A dowel pin, in its simplest form, is a hardened steel shaft, usually very short, and can be straight or tapered. It is often used in machinery for:

  • Precise locating of machinery components, such as the top half of a pump, gearbox components, line shaft bearings, etc. Dowels are usually located in diagonal corners of the machine components, to make sure machine parts line up properly.
  • In high horsepower industrial machinery, dowel pins are used to help the hold down bolts control lateral, or shear movement, in machine feet. This is usually due to high torque loads on start-up.


Dowel pins, both tapered and straight, are used in some machinery installations to “pin down” machinery to prevent unintended movement. From a machinery alignment standpoint, dowel pins can be a real cause of headaches. When I started in maintenance in the early 1980’s, tapered dowel pins were placed into almost every motor, gearbox, and pump I worked on. Some of these machines were small-less than 25 horsepower, yet they were still dowelled.

Millwrights would replace a motor, align it with dial indicators, and then drive tapered pins through the motor foot and into the base plate. In almost every instance, driving the tapered pins into the base would misalign the motor. It was not as well known that the dowel pin holes should be reamed with a tapered drill, and THEN reinstall the dowel in the machine.

So, often these pins were left out. Engineers would state that the hold down bolts, if sized properly, were sufficient to overcome any shear forces created by the machine start-up. I never witnessed any machine failures due to leaving out the dowel pins.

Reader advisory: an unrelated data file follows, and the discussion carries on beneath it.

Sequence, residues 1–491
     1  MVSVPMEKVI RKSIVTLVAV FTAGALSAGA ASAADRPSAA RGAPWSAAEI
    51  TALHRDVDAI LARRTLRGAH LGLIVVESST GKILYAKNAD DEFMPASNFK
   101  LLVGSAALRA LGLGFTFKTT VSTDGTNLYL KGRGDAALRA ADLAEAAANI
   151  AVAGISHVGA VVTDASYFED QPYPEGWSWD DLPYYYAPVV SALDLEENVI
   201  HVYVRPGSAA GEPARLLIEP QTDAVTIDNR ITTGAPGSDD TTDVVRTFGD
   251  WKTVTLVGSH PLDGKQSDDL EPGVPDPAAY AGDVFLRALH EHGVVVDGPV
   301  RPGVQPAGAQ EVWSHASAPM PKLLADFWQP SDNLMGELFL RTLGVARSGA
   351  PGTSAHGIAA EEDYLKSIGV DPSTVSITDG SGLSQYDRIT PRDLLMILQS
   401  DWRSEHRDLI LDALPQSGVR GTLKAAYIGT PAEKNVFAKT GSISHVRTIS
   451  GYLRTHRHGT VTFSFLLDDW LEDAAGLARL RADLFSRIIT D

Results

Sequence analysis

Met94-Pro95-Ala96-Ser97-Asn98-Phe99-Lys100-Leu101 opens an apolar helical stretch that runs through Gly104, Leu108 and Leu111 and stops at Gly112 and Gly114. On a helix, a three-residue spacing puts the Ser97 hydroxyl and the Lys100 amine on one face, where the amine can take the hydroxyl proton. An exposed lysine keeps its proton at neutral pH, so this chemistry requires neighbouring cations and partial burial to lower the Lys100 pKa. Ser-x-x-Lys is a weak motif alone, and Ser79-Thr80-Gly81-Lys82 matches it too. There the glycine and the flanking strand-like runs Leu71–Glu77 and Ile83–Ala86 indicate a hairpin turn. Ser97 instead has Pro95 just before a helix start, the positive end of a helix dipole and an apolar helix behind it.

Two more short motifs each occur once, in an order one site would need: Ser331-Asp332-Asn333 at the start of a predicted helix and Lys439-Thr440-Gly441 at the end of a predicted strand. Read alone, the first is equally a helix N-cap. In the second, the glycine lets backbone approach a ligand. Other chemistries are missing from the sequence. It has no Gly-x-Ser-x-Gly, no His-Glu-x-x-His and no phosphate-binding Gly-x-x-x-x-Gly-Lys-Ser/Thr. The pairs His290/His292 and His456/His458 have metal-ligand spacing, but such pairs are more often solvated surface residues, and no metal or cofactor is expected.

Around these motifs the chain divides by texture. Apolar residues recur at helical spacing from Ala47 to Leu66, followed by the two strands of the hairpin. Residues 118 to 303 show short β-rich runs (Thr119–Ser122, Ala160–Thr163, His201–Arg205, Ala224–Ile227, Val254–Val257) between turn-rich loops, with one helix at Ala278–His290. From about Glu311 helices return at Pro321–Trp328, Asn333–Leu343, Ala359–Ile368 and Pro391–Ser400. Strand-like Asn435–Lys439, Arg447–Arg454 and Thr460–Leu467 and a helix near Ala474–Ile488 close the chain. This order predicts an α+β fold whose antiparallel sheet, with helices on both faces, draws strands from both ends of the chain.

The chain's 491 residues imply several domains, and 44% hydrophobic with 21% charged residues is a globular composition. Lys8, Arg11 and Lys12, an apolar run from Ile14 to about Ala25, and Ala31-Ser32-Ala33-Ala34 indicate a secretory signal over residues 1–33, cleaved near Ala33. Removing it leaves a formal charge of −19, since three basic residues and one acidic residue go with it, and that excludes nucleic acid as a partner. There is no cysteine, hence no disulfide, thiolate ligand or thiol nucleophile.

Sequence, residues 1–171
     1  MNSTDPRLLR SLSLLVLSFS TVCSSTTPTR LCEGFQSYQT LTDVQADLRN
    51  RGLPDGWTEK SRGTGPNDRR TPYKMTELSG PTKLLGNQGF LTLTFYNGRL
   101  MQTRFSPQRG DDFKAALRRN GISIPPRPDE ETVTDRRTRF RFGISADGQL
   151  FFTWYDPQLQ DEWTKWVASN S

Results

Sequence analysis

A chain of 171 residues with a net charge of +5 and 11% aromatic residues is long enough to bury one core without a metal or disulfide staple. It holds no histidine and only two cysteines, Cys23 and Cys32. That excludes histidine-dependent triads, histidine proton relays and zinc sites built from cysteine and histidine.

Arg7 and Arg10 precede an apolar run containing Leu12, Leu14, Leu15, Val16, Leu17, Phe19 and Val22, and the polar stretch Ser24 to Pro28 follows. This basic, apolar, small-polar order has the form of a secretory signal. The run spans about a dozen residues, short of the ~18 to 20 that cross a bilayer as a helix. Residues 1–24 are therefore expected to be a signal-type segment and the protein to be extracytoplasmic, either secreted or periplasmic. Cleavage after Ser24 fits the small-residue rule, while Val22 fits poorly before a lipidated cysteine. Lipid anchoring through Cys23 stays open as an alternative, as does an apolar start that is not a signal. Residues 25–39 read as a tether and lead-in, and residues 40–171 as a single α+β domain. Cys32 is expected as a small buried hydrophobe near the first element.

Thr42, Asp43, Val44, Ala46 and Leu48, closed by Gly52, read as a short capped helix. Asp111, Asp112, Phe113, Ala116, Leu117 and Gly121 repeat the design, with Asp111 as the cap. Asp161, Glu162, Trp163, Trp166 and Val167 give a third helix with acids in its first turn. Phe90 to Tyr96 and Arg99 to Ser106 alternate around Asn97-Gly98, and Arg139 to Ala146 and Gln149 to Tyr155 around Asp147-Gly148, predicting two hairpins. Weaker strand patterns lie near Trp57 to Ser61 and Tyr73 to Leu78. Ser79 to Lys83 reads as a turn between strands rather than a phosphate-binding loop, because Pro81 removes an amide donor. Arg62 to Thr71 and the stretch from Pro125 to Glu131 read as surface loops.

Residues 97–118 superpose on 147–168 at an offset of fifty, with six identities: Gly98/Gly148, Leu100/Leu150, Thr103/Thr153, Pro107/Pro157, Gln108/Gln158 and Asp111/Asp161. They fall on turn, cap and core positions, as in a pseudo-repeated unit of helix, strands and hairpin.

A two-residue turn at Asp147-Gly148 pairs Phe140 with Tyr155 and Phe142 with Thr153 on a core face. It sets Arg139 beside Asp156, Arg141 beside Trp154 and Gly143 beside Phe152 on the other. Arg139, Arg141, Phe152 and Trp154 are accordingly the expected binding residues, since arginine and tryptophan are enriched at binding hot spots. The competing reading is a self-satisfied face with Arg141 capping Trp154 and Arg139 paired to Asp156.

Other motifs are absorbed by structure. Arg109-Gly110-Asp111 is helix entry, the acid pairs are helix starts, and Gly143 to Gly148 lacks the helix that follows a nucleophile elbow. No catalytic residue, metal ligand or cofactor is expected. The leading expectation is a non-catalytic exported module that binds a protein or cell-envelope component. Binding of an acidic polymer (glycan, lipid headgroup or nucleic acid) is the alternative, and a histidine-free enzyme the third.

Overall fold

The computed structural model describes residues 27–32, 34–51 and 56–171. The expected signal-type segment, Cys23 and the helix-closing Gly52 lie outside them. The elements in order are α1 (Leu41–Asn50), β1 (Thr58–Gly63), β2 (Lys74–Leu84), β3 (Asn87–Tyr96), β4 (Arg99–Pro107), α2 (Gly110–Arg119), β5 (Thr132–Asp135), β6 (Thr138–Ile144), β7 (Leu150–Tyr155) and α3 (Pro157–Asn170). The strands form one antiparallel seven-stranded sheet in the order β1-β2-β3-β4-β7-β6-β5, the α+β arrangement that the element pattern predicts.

In most general industrial applications, the use of dowel pins is not necessary. But there are some circumstances in which dowel pins are recommended, such as:

• High torque, high vibration machines such as hammer mills and crushers.
• High torque applications, such as large cooling tower gearboxes.
• High horsepower machines-typically over 1000 HP.

If dowel pins are used, engineering should be consulted as to the proper placement of the dowel locations. This is to:

• Minimize thermally-related problems, such as radial or axial thermal growth.
• Control and minimize the effects of high torque applications.
• Allow for proper maintenance, when removal or adjustment of the machine location is required.

So, what do you think of using dowel pins?

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  1. Mike Hinkley on May 5, 2015 at 2:04 pm

    We have a few customers that will have us do an alignment on a piece of equipment. They will then drill and dowel it. Their logic is that the equipment will never need to be aligned again. Simply put back into the same location using the dowel (alignment) pins. I feel that the equipment should be checked whenever either end is removed for repair/replacement. Any thoughts?

  2. Stan Riddle on May 6, 2015 at 7:52 am

    Mike, great question! I agree with you 100%. The alignment should be re-checked each time.

  3. Franklin Pérez on May 6, 2015 at 11:14 am

    Very helpfull information, thank you so much for the advice, the client meda put the pins anyways

  4. Rafael Dwell Dos Santos on February 12, 2019 at 7:25 am

    what are the differences between spigot and dowel pin? For example, some vendors of mine said the connection on stuffing box and bearing housing in ‘in between bearing pump type’ should be using dowel pin instead of spigot. I’m not sure what’s that even mean.

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